Many members view the CRRA like an insurance policy; they don’t use the available resources regularly but if a need arises, they are grateful to find reliable advice quickly. The CRRA makes it easy for large and small landlords to get everything they need, all in one place. Members can purchase professionally developed forms and notices that cover all aspects of the business and that will stand up in court should there be a conflict. The staff is on hand to demystify the language of the legislation and help members apply it, so they have the tools they need to be effective and successful in their business.
THE BUSINESS OF RENTING
Whether members own or manage dozens of properties or are renting out one unit, being a landlord is a business and should be approached as one. One challenge for the Association is to convince the small-scale landlords that despite it being their part-time job, being a landlord is still very much a business.
“Contrary to what people think, this is a business and you need to know and understand the rules and laws that govern that business,” says Baxter.
Failing to understand and properly apply the rules can lead to dire mistakes. For many small-unit-holding members, they entered the business without first educating themselves about their rights and responsibilities or those of tenants. The CRRA is there to provide resources to help them learn both sides of the coin so they can avoid the missteps that will cost them money in the end.
One great way for members to sidestep issues is by attending the CRRA’s courses. The Association hosts a 4.5-day Real Estate Institute of Canada (REIC) course called Successful Site Management that teaches people every aspect of property management. Members can then take the REIC’s Ethics in Business Practice course to move toward the internationally recognized designation of an Accredited Residential Manager.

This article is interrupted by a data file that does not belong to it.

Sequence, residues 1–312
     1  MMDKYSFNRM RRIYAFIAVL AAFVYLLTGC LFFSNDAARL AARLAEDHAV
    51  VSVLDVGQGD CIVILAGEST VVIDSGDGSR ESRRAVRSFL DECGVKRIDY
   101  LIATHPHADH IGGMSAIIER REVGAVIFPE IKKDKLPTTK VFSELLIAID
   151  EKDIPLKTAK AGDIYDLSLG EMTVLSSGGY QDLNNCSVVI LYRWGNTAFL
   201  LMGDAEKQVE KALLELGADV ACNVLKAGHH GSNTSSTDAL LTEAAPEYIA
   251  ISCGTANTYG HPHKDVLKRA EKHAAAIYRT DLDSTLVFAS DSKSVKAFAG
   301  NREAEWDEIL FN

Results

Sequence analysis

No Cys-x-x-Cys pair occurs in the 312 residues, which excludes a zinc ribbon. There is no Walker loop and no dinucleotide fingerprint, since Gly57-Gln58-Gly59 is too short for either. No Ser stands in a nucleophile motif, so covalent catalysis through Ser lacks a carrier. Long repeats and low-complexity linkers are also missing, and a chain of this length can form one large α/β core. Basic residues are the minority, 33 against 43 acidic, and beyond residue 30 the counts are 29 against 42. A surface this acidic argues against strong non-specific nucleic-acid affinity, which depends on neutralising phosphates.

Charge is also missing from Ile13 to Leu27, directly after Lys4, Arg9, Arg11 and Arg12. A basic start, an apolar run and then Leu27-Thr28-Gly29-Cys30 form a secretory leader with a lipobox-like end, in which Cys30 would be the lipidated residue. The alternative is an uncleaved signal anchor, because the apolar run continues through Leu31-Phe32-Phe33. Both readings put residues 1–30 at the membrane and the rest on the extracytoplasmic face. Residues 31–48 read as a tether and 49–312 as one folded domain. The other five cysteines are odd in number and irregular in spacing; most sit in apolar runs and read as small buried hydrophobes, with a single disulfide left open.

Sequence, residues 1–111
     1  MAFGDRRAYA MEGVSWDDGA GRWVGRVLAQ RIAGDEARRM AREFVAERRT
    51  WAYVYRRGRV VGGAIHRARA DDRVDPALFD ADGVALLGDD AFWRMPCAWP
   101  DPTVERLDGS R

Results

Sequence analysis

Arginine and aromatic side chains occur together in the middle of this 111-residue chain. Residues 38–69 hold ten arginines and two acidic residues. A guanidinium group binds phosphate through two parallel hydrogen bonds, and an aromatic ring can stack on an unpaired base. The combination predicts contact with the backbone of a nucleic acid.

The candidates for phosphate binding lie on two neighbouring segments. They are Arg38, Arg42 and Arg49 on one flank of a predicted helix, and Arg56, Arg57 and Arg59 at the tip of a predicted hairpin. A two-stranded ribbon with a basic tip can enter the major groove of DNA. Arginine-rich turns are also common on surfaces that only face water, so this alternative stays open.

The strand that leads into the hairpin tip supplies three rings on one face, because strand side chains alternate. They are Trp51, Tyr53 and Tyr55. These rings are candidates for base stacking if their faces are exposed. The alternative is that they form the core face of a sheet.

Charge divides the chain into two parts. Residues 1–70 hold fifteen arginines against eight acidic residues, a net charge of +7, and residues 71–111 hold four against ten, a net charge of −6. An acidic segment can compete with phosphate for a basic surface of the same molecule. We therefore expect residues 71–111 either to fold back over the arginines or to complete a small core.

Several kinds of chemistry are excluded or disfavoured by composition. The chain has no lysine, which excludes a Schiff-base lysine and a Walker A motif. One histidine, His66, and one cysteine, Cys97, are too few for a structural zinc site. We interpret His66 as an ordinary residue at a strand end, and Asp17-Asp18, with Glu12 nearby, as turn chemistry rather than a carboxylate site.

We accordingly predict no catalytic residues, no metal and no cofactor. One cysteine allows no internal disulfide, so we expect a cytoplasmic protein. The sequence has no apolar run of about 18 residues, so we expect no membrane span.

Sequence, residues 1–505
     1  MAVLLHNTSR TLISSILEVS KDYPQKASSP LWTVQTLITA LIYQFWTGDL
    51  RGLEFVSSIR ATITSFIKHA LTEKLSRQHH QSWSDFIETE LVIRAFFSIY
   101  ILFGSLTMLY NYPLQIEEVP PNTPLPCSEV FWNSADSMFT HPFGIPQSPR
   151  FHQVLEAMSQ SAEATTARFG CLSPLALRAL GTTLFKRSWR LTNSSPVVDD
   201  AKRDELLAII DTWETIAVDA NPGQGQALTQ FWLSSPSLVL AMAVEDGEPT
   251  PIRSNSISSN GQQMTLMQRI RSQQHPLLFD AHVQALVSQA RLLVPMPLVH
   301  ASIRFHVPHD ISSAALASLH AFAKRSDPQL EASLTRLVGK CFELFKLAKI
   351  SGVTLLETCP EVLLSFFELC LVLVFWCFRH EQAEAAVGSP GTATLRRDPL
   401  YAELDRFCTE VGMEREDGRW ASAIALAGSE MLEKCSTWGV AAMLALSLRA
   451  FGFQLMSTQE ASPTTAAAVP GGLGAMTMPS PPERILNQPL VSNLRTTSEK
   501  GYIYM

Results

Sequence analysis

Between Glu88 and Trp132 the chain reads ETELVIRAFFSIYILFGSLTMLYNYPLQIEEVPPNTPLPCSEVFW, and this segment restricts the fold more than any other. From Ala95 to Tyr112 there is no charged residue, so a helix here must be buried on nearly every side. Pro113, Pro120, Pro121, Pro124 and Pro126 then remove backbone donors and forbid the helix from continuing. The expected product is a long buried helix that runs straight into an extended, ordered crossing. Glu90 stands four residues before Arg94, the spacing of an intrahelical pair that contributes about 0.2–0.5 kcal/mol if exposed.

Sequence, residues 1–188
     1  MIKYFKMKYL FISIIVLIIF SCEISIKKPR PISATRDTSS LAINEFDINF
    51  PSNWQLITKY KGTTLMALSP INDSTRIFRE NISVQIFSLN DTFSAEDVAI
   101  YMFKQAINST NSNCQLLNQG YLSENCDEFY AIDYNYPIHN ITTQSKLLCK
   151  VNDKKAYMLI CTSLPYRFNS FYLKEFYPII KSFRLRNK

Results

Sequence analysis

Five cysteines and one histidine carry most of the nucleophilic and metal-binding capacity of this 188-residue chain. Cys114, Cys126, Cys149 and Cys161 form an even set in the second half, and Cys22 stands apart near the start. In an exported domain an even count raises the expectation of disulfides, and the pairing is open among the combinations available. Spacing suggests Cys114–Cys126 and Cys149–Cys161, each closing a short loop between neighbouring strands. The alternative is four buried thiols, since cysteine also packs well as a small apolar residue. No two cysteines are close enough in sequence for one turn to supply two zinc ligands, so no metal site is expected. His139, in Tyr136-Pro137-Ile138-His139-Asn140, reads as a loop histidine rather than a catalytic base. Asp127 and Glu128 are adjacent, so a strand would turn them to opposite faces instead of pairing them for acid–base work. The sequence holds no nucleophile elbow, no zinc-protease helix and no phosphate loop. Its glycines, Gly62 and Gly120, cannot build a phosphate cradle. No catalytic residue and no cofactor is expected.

“We want to help our people to be better at what they do and really understand the rental industry and business,” says Baxter.
Many issues that members encounter in their business stem from confusion surrounding the legislation. The CRRA developed a course called “Residential Tenancies in Alberta,” and the two-day program walks members through the legislation and guides them through best practices and how to apply it in their business. Since it debuted in 2007, the CRRA has offered it five times a year and more than 1,500 owners and managers from across the province have taken the course.
Baxter and his team appreciate the importance of educating landlords, but they see the value in educating tenants too. Gerry Baxter presents to various community groups each year to help eliminate confusion about the legislation and to teach newcomers to Canada, as well as those new to renting, about their rights and responsibilities. By visiting groups, including the Calgary Catholic Immigration Society, various First Nations groups, Bow Valley College and Chinook Learning Centre, the CRRA can provide people with accurate information to protect themselves and to make their rental relationships positive ones.